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AFC Statement on Delay of School Reopening

09.01.2020 | Today, Kim Sweet, Executive Director of Advocates for Children of New York (AFC), issued the following statement in response to Mayor de Blasio’s announcement delaying the first day of school: 

With so many unanswered questions about the reopening of school buildings, the City needs to use this additional time to develop robust plans for supporting students in the year ahead, particularly the students with the greatest needs. Remote learning was disastrous for many students with disabilities, English Language Learners, and students experiencing homelessness this past spring; given that all students will continue to learn remotely at least some of the time for the foreseeable future, the DOE must develop and implement strategies to improve online instruction. Also, the transition to a hybrid model poses a slew of new challenges that have yet to be addressed. For example:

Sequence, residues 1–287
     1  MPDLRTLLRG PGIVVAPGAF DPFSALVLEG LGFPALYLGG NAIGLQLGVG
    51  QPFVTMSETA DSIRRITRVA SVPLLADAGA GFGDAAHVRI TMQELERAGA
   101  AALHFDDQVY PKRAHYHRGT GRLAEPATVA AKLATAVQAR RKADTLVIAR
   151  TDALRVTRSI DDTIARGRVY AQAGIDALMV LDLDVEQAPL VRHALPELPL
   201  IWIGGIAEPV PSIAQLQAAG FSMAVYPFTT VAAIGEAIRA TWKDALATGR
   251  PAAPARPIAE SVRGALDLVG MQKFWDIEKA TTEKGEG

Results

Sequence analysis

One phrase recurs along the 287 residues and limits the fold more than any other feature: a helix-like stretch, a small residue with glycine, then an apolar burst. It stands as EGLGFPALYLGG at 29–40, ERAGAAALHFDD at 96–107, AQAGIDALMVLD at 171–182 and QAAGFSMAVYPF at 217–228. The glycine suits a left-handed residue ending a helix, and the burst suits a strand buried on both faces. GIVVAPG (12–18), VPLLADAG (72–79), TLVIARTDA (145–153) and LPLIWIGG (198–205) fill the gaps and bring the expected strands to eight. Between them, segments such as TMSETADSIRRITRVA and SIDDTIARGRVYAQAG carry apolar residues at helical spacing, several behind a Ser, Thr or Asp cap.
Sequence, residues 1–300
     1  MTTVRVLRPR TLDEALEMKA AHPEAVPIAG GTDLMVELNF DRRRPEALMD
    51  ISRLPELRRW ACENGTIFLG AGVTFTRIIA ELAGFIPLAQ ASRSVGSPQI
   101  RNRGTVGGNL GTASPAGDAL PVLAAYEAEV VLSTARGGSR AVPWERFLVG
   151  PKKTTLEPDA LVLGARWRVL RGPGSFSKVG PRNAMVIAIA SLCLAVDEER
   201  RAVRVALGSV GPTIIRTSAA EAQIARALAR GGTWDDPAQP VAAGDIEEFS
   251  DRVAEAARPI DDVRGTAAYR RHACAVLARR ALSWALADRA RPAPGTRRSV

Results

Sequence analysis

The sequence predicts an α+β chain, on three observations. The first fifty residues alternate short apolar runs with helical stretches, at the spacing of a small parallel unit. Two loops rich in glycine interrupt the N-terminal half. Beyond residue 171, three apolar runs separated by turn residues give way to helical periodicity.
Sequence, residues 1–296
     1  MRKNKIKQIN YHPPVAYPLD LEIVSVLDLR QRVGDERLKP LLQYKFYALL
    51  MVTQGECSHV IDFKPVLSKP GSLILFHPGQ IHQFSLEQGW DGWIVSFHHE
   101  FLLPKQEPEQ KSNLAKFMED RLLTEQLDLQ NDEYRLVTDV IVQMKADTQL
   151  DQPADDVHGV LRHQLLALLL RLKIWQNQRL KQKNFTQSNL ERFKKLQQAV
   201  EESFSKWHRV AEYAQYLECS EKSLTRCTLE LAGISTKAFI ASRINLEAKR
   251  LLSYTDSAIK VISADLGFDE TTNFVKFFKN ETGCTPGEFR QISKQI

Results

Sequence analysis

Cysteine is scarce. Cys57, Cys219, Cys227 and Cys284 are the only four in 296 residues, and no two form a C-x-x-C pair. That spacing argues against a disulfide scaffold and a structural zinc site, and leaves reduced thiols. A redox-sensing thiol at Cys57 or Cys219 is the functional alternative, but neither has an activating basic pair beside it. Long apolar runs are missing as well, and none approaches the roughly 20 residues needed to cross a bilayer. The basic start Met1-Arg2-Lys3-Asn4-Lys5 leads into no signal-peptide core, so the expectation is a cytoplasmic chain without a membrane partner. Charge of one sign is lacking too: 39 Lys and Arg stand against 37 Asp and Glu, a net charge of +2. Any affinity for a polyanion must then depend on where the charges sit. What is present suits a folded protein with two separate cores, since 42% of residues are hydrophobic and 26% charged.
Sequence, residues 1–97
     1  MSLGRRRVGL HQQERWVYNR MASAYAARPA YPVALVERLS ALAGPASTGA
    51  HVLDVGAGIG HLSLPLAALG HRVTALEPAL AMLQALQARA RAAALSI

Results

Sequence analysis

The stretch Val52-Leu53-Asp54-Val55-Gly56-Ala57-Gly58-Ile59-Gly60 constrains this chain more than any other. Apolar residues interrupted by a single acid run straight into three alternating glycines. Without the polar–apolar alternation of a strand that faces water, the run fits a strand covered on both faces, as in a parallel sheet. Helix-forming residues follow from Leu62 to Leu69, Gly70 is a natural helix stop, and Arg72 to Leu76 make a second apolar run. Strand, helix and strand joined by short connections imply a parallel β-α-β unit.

• Approximately 50,000 students with disabilities, along with students experiencing homelessness and students in foster care, have a legal right to transportation, but the City has still not finalized any bus contracts. Families of these students need to know how their children will get to school, and many cannot front the cost of transportation or send their children alone on the subway if busing is not in place by the first day of class.
  • The City must ensure all students have the technology they need; distributing iPads is just the first step. Some family shelters, for example, have no WiFi and limited-to-nonexistent cellular reception, making it difficult for students in shelter to actually use those iPads to participate in remote learning.
  • The City must improve communication with families and ensure parents receive information in a language they can understand. When schools closed in March, many immigrant families and others were left in the dark. Parents cannot be expected to supervise and support their children’s remote instruction unless they have two-way communication with their schools.
  • Ensuring all students receive the support they need to learn under a blended model must be a top priority. It remains unclear how schools will staff integrated co-teaching (ICT) classes, schedule related service sessions, and otherwise ensure all students with disabilities receive their mandated special education instruction and services when they are only in the building 1-3 days per week. Similarly, the DOE has not put forward a meaningful plan for supporting English Language Learners, many of whom struggle to make progress in the absence of in-person supports, or a plan for connecting students with mental health services.


Read the statement
[PDF]